Tuesday, April 28, 2009

My Cookbooks
In my office I have bookcases filled with cookbooks. In my basement I have many boxes filled with cookbooks. In my living room I have a bookcase, half filled with cookbooks…the other half? Travel and Art Books. of course.... In my computer I have a software called MasterCook, in which I have entered many new cookbooks, such as“Monday Night at Mimi’s” the “Johnston Family Cookbook”, and the “Ogg Family Cookbook”, “Kay’s Italian, North and South”

…..on and on and on! I can’t seem to control myself when I see a new cookbook. Some women have to have shoes, lots and lots of shoes. I have to have lots and lots of cookbooks!
Several weeks ago, Judy Witts Francini was here in the United States, making appearances to talk about her new cookbook. I, of course, NEEDED one immediately, and am I glad I bought one! It is such a delightful book! Judy actually had a font made of her own handwriting so it looks like she wrote each page by hand.
Judy has such incredible knowledge about the foods of Italy, particularly of Tuscany, where she lives with her husband, Andrea, in a small village outside of Florence. Judy was our guide while I was in Sicily, and my translator, since I don’t speak any Italian other than cookbook and menu Italian! You realize immediately when you meet Judy, she is full of energy and loves life in Italy!
Secrets from my Tuscan Kitchen has 93 of Judy’s favorite recipes, and she says they have her Italian Husband’s Seal of Approval! Judy learned how to be a good Italian cook from Andrea’s mother. She told Judy the secret of being a great Tuscan cook is to “Spend more time shopping and less time cooking.” By following these wonderful recipes, you can prepare simple food at home from quality local ingredients. Learn from Judy how to make the most of regional and seasonal produce. Learn to create great Tuscan dishes from the bounty of your countryside. Secrets from My Tuscan Kitchen shows you an insider's view of Italian cooking and a way of life that you can create in your home.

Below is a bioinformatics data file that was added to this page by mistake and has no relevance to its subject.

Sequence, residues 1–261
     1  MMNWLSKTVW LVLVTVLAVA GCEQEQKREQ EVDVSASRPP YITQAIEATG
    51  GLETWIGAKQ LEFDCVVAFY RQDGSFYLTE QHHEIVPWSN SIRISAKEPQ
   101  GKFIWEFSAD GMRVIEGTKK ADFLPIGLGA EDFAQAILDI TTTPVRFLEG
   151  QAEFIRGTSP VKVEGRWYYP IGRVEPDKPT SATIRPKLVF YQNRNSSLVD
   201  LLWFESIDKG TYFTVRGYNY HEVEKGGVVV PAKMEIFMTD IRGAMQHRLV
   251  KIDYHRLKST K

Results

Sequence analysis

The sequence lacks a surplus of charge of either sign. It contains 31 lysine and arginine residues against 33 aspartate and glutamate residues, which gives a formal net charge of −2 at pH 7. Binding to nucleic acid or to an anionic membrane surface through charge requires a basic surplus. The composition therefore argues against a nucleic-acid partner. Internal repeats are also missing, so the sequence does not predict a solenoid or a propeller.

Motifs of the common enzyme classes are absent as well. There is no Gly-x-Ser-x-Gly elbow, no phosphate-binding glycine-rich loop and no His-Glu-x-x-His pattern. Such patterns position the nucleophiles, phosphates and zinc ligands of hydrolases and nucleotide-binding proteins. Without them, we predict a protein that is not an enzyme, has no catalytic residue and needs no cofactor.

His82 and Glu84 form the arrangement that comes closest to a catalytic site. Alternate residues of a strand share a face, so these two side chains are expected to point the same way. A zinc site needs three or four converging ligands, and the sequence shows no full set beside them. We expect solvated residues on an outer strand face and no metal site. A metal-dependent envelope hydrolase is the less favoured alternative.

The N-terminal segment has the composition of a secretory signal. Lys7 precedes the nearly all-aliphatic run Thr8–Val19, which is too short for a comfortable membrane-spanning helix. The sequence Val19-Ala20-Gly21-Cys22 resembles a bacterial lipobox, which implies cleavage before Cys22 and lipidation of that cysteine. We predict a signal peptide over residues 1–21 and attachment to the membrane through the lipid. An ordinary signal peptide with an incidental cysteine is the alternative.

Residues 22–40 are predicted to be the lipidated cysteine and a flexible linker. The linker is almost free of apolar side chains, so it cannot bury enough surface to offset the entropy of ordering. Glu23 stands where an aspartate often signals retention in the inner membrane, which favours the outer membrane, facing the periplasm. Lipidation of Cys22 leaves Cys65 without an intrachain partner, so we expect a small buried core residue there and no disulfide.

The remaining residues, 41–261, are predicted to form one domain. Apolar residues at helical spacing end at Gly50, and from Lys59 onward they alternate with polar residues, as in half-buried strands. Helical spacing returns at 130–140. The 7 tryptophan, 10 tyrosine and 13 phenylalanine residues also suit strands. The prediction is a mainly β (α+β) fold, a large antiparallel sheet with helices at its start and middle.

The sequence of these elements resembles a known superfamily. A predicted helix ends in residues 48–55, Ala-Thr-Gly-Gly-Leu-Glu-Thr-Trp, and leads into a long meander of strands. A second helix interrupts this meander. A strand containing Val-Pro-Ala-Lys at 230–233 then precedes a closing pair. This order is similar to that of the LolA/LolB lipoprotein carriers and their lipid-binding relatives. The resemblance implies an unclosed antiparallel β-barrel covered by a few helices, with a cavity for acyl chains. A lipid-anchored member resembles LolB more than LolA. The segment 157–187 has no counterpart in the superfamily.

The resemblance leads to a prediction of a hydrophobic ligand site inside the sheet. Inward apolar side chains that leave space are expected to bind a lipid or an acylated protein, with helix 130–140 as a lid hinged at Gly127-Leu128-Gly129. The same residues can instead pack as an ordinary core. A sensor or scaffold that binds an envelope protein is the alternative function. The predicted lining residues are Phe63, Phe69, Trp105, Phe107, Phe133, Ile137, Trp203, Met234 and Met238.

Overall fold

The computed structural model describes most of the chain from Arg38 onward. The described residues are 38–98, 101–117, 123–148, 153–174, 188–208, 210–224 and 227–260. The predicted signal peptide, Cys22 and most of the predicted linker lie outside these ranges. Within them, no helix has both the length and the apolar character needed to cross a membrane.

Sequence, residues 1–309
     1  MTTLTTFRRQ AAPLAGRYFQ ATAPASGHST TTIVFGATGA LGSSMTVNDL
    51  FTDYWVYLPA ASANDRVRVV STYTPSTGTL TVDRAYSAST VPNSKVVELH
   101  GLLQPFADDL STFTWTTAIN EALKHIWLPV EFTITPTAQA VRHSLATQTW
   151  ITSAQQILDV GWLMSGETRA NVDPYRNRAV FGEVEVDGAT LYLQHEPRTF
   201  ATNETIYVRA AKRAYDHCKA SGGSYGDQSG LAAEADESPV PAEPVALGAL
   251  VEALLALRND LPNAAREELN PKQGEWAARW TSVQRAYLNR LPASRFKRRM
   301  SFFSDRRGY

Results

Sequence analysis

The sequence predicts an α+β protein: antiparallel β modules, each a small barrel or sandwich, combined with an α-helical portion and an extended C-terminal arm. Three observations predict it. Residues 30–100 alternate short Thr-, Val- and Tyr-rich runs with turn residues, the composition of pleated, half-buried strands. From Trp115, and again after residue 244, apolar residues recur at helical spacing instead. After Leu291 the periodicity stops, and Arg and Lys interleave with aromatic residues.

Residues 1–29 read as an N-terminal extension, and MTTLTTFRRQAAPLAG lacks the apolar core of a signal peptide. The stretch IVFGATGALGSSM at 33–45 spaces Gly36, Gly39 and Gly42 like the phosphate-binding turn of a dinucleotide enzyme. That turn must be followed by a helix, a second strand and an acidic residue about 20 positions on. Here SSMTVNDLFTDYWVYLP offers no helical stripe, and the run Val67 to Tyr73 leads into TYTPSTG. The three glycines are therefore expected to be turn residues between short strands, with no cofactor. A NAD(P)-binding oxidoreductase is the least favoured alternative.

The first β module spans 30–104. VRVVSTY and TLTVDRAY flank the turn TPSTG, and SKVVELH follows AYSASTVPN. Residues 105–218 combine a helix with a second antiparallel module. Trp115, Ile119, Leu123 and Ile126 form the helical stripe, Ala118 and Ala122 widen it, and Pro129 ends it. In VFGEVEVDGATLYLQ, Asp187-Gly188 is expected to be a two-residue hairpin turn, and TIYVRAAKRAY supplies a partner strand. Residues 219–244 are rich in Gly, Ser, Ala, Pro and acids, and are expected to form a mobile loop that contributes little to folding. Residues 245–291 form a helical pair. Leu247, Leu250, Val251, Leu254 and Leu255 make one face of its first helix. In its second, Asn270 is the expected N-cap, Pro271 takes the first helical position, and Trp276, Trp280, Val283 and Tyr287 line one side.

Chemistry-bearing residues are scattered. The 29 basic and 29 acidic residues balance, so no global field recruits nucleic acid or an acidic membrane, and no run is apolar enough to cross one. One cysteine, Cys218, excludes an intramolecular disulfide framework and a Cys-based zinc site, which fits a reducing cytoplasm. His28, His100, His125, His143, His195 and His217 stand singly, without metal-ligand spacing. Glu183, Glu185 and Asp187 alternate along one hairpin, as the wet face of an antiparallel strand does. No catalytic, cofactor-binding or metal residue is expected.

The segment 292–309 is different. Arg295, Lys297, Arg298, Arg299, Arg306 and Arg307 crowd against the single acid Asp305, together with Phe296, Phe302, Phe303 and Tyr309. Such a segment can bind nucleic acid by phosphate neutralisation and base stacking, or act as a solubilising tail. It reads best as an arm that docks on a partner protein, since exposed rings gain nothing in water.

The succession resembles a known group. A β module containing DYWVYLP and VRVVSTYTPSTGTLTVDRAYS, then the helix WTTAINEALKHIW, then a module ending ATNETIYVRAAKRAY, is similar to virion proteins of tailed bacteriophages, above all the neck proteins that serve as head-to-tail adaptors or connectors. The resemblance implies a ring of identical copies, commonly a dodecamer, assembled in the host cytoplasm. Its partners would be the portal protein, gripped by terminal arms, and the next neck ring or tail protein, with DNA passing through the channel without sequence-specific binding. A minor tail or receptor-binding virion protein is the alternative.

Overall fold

I, of course, could hardly wait to try some of the recipes. So far, I have prepared the Crostini di Fegatini (Chicken Liver Toasts) that I used some of my capers I carried home from Sicily! It was fabulous! And the Pesce Finto (Fake Fish) was fun! It calls for canned tuna, and I am a huge fan of Italian canned Tuna. Sure, it runs about $8.00 a can, but compared to American canned tuna…it is worth every dime! Big firm, healthy chunks of great tuna in good olive oil! I also used her recipe for Tonno e Fagioli (Tuna and White Bean Salad) last week for my Artist’s Picnic lunch at the vineyard. Delicious.

I was fascinated with her recipe for Meatloaf! In Italian it is called Polpettone. Her recipe is from the year 1519! Before tomatoes had arrived in Italy..It was delicious! I also loved her Involtini,(Beef Rolls). As part of our trip to Sicily, we participated in a hands on cooking demonstration that turned out to be our lunch. We prepared Involtini and they were good, but not as good as Judy’s.
I also brought home a few pounds of Almond flour from Sicily and was thrilled to find a recipe for Ricciarelli (Almond cookies) which I devoured all over Sicily. We even had them on our pillows at night when we would drag our tired bodies to our rooms! They are wonderful. Now, I am using my Almond flour.